The work of L.S. Lowry (1887-1976) holds a special place in the heart of the British public and Sothebys
sale of 20th Century British Art on Wednesday, 26 May 2010, will present four exceptional works by the much celebrated British master. The pictures come from three different private collections and have never been seen on the auction market before. With a combined pre-sale estimate of £920,000-1,480,000, the four paintings are instantly recognisable as Lowry compositions as they incorporate all of the signature elements of the artists greatest works. They cast him as an observer of humanity - in all its moods.
Frances Christie, Director, Sothebys 20th Century British Art, said: Lowry is one of Britains most recognisable artists and we are really excited to have four works that have never been seen at auction before and which represent such different aspects of his style and subject.
Lowrys canvases have been at the forefront of the 20th-century British art market since the 1960s. Born in Stretford, on the outskirts of Manchester, Lowry was a curious character who was completely dedicated to his art. His drawings and paintings on the whole are inspired by Salford and the surrounding areas particularly Pendlebury where Lowry lived and worked for well over 30 years. Famous for his scenes of daily life within the architectural framework of the industrial urban areas of northern England in the early part of the 20th century, his highly acclaimed canvases show chimneys, mills, church spires and back-to-back terraces alongside stylised figures and a lack of weather effects. From the earliest stages of his career, these panoramic industrial landscapes were at the heart of his work and they remain the images most frequently associated with him. Successful throughout his lifetime, Lowry was elected an R.A., his works were widely exhibited throughout Britain and he was appointed the official artist at the coronation of Queen Elizabeth II in 1953. Furthermore, a stamp of one of his paintings was produced by the General Post Office and he was presented with an O.B.E., a C.B.E., a C.H. and a knighthood, all of which he refused.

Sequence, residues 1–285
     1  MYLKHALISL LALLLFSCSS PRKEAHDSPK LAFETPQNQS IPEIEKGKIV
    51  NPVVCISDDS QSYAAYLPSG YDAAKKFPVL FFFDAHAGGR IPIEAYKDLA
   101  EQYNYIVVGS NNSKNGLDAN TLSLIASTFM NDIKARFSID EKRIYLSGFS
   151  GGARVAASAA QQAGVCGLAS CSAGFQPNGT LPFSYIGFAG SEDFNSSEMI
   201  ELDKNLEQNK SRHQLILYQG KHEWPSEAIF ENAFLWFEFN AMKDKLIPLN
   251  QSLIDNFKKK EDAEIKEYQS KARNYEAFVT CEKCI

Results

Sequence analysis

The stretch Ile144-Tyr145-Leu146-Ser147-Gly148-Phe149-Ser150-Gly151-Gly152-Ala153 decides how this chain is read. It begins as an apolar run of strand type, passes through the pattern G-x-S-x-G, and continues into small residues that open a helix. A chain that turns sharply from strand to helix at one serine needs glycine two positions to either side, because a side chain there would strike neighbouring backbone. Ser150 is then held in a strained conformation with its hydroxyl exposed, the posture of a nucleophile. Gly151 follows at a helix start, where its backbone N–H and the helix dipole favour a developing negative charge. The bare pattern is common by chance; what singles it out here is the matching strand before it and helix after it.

A Street Brawl, signed and dated 1933 and estimated at £300,000-500,000, displays an intensity in its presentation of incident and, as a result, the work pulses with life (lot 42). Like all great Lowry compositions, the present work captures a moment. A fight has broken out just outside a building, with the protagonists and their interlopers the focal point of the composition. Elsewhere, the rest of the street just looks on, signifying that such an event is commonplace in their day-to-day lives. The three men propping up the wall on the left masterfully observed provide a perfect counterbalance to the hub of activity around the fight. The mill that dominates the vista appears again and again in Lowrys paintings throughout his career. However, it is the people who lived in these areas that captivated the artist. He recalled,
The buildings were there and I was fascinated by the buildings
But I was fascinated by the people who lived and worked in them
an industrial set without people is an empty shell
its as dead as mutton. It had to be the combination of the two the mills and the people